Twenty Common Mistakes
to Avoid In Judo

  1. Refusing to help a partner in the early stages of practice and consequently making every technique difficult for him to learn.
  2. Using strength before the basic skills are acquired.
  3. Try8ing to overcome an opponent’s resistance by using a greater amount of strength.
  4. Keeping the legs well bent when moving around the mat and so slowing down the speed of your movement.
  5. Keeping your arm muscles continuously tensed in an effort to balk an opponent’s throwing actions.
  6. Staring down at an opponent’s feet, which in turn causes your upper body to be inclined forward.
  7. Gripping an opponent’s jacket too tightly before trying a throwing action.
  8. Kicking an opponent’s ankle with the inside bone edge of your foot when trying Sweeping Ankle Throws, instead of using the sold of your foot.
  9. Bringing your feet close together when moving round the mat and so giving an opponent an easy opportunity to throw you.
  10. Staying in the same relative position for longer than is necessary after an opponent has checked or avoided your initial attacking movement.
  11. Thinking about the throwing action you will use against an opponent before a practice or contest has started.
  12. Attempting to block a heavier opponent’s throwing actions, rather than avoiding them and using a counter-throwing technique.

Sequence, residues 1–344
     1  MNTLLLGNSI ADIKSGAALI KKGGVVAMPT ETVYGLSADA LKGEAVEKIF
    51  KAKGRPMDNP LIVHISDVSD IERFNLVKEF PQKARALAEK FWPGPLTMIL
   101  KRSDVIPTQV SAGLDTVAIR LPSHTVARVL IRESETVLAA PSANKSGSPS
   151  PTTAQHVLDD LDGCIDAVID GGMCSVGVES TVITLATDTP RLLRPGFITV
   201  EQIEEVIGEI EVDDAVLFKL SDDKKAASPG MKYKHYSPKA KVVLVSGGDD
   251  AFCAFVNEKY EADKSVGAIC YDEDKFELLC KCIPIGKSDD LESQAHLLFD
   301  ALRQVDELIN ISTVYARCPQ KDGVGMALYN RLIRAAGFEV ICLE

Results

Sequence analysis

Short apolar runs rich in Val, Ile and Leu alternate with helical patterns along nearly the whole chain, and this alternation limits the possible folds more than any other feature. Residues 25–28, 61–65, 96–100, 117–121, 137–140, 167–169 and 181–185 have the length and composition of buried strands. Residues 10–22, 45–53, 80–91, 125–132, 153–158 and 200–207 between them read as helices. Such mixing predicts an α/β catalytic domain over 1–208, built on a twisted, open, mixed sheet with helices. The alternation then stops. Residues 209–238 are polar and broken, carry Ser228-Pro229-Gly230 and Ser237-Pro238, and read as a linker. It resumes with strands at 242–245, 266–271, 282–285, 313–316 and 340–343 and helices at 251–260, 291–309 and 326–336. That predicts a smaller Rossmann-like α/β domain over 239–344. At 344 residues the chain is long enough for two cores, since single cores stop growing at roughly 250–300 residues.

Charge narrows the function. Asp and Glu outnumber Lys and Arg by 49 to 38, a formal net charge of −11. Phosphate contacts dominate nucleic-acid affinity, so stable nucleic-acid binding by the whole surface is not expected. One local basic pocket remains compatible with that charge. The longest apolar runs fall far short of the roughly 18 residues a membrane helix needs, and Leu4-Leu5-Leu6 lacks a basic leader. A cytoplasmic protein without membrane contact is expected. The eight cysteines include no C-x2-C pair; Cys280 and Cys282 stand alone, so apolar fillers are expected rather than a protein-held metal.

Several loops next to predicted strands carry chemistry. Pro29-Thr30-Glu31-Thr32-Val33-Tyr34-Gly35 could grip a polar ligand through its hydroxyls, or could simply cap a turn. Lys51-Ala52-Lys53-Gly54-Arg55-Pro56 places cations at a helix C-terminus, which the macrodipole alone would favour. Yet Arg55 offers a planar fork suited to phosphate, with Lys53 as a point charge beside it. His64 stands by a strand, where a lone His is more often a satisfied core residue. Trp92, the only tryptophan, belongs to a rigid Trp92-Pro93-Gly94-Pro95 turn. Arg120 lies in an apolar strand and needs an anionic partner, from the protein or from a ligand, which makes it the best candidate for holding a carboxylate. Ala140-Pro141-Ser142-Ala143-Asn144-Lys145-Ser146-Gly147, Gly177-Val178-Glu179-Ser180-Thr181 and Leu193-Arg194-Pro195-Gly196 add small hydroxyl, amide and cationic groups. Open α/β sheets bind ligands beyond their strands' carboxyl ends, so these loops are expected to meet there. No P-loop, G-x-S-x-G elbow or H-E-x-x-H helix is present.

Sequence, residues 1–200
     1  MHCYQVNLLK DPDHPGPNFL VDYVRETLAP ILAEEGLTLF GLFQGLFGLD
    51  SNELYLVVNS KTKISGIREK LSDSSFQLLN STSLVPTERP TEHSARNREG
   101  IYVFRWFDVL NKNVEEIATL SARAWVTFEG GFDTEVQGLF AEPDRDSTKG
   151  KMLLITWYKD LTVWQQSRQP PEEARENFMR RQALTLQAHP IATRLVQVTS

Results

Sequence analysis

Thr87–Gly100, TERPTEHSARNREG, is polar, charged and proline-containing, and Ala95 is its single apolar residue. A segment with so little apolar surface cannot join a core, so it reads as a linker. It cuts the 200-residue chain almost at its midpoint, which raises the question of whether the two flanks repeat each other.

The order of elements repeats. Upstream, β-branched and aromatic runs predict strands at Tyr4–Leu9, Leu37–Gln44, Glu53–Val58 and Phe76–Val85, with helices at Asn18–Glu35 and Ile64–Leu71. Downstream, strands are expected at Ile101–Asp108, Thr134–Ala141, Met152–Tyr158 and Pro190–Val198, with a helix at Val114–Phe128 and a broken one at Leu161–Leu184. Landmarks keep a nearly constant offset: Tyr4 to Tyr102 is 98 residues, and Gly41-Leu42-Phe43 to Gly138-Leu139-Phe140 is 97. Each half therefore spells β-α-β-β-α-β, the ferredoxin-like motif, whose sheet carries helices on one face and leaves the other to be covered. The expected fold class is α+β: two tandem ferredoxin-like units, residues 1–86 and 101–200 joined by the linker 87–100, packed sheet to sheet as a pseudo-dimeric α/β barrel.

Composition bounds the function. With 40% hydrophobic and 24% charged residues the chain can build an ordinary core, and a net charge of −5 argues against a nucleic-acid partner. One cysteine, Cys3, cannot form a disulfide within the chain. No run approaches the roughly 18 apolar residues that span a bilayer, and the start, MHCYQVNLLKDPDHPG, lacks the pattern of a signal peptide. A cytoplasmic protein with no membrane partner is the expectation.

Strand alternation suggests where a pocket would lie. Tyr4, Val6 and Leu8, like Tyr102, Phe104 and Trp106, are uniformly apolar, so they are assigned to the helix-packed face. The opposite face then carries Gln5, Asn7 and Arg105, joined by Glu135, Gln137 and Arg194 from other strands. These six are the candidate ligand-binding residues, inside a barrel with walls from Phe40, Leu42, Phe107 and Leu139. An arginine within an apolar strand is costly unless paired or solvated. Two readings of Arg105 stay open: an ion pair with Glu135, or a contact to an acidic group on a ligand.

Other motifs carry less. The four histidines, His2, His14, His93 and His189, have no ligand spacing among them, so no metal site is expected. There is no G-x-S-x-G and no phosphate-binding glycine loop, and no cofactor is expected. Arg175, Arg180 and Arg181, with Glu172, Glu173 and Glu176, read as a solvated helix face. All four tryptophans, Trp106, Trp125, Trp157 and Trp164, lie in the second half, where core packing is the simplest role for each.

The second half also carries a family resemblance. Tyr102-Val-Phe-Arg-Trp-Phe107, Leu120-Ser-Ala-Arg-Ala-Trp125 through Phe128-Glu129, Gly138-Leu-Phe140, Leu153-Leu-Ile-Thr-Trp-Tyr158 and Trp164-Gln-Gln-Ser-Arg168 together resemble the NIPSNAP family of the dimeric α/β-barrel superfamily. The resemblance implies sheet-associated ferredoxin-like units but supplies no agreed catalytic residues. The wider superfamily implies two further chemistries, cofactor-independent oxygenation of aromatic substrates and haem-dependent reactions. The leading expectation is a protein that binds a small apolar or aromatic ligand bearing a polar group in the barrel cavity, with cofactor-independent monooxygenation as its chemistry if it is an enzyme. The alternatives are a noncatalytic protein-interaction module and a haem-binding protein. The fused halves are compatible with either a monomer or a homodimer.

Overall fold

13. Bending forward form the waist when trying to throw an opponent, without pulling his upper body in the same direction.
  14. Holding on to an opponent’s jacket with both hands due to a misguided sense of pride when he has succeeded in throwing you.
  15. Leaning over an opponent who is lying on the ground (After being properly throw by you) instead of keeping a good sense of balance by bending your legs and holding your head back.
  16. Allowing an opponent who has throw you to stand over you as you regain your feet.
  17. Turning your back to an opponent when getting up after being thrown, or when engaged in Groundwork.
  18. Laying down on the ground with your legs outstretched rather than limiting the scope of an opponent’s attack by keeping them bent.
  19. Attempting to come to grips with an opponent on the ground who has succeeded in wrapping his legs around your body, instead of escaping from in between his legs first.
  20. Tensing all the muscles of your body in a mistaken effort to increase the power of an Immobilization Hold.

 

Extracted from:

Every Boy’s Judo
by
A. P. Harrington
1974


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